Shopify Inc., the Ottawa-based e-commerce software company, tumbled 3.6 per cent as the stock's lockup for company insiders lifted. The restrictions had previously prevented the company's venture investors and employees from selling more than 67 million shares held at Shopify's initial public offering in May.

U.S. stocks were little changed as a retreat in energy shares offset higher-than-forecast earnings from Home Depot Inc. and Wal-Mart Stores Inc., while firming inflation bolstered speculation the Federal Reserve will raise interest rates next month.

Crude oil renewed a selloff a day after the commodity's climb ignited the strongest gains among energy companies in six weeks. Today's reversal overshadowed a rally in retailers led by Home Depot after the group's worst weekly drop in four years.

The Standard & Poor's 500 Index slipped 0.1 per cent to 2,050.41 in New York, after erasing an earlier gain of as much as 0.7 per cent. The gauge's advance stalled at its average price during the past 200 days.

Story continues below advertisement

"We're coming off of a strong day yesterday," said Alan Gayle, senior strategist for Atlanta-based RidgeWorth Investments, which oversees $40-billion. "The fact that the market is catching its breath and waffling around flat is an encouraging sign. There's a never-ending swirl of geopolitical angst that tends to take center stage, but the big macro event that the market is focusing on is the December FOMC meeting."

A report today showed the cost of living excluding food and fuel rose again in October after picking up the prior month, showing inflation edging closer toward the Fed's goal. It was the strongest back-to-back readings since May and April.

Separate data showed factory output increased in October for the first time in three months as producers turned out more construction materials and motor vehicles. Total industrial production unexpectedly dropped for a second month as warm weather reduced electricity demand and the oil industry continued to cut back. Meanwhile, a gauge on homebuilders' sentiment slipped this month while remaining at its second- highest post-recession level.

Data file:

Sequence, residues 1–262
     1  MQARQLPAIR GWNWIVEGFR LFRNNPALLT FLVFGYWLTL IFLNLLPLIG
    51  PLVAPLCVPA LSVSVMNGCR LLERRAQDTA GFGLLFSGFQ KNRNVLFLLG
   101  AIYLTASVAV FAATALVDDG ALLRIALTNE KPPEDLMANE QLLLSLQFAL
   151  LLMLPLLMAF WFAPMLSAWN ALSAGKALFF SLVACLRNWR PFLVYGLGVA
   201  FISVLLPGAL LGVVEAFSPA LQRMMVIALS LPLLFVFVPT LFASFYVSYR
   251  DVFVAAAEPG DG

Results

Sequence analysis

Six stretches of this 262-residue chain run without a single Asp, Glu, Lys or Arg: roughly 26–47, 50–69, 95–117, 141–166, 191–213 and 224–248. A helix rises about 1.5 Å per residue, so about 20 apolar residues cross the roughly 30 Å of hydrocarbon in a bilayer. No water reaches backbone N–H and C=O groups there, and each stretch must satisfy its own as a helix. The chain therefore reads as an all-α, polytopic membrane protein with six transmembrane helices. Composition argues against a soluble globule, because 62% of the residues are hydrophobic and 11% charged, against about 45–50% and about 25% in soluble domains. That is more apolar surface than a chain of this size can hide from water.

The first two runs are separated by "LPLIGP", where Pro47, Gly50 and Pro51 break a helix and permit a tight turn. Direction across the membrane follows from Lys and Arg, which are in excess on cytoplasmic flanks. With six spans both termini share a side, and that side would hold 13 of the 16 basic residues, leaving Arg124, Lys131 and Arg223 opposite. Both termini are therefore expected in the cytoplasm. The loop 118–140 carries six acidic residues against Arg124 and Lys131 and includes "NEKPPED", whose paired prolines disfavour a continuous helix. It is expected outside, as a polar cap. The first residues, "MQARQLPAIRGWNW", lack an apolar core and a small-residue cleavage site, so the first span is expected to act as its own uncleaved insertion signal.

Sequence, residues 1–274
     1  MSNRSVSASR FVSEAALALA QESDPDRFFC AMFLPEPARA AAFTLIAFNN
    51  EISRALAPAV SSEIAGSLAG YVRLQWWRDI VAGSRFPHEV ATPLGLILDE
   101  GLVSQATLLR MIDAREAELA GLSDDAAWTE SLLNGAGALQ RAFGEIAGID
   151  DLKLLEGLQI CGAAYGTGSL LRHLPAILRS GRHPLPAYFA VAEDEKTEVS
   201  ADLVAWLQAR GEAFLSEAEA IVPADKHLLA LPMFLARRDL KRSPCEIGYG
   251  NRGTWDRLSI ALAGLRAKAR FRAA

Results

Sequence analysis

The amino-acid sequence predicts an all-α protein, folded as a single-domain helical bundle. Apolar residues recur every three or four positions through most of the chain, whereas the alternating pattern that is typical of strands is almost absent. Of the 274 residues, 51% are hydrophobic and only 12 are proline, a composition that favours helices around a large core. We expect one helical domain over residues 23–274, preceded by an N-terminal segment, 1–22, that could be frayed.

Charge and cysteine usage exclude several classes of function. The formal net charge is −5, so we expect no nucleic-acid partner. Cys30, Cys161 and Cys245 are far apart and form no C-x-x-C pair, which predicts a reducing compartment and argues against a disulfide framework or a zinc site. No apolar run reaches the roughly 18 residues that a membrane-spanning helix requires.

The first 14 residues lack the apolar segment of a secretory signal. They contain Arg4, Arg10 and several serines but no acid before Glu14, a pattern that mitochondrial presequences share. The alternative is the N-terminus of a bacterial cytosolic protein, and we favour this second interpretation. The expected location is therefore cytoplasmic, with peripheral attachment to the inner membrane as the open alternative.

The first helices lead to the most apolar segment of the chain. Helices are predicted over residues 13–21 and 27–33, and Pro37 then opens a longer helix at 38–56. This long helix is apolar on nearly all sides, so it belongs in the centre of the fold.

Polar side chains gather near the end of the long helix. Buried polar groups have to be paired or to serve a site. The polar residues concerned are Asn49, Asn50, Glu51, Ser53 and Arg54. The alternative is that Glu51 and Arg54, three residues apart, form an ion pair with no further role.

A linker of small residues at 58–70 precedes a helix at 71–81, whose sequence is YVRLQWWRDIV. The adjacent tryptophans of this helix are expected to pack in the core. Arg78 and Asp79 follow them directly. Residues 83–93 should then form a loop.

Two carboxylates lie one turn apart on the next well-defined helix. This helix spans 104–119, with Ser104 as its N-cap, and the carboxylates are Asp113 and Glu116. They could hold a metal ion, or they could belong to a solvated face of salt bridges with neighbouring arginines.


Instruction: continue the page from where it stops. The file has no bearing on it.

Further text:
Traders are now pricing in a 64-per-cent probability that the Fed will raise rates next month. Minutes from the Fed's October policy meeting will be released on Wednesday.

"There seems to be some data reassurance coming out," said Ben Kumar, who helps oversee about $14 billion as an investment manager at Seven Investment Management in London. "In the U.S., you've seen sufficient data to suggest that interest rates are not going up prematurely, that the economy is strong enough to withstand a hike."

The S&P 500 on Monday ended a three-day losing streak that capped declines in seven of eight sessions. The benchmark closed Monday 3.6 per cent below its record set in May after coming within 1 percent of its high on Nov. 3.

Story continues below advertisement

With the earnings season drawing to an end, Staples Inc. and Gap Inc. are also among S&P 500 companies reporting results this week. Of those that have done so already, about 74 per cent beat profit projections and 43 per cent beat sales estimates. Analysts now project profits for index members dropped 3.7 per cent in the third quarter, improved from calls for a 7.2-per-cent decline at the start of the season.

West Texas Intermediate oil fell 2.6 per cent as French jets bombed Islamic State targets in Syria for a second day. U.S. crude supplies probably rose by 2 million barrels last week, according to a Bloomberg survey before Energy Information Administration data Wednesday. Oil futures settled at the lowest level since August when prices tumbled to a six-year low. Both gasoline and diesel futures dropped to the lowest since 2009.

"The weak fundamentals are the focus today," Gene McGillian, a senior analyst at Tradition Energy in Stamford, Conn. "Fears of excess supply and a slowing global economy are driving prices lower. It looks like we're about to test the six-year lows again."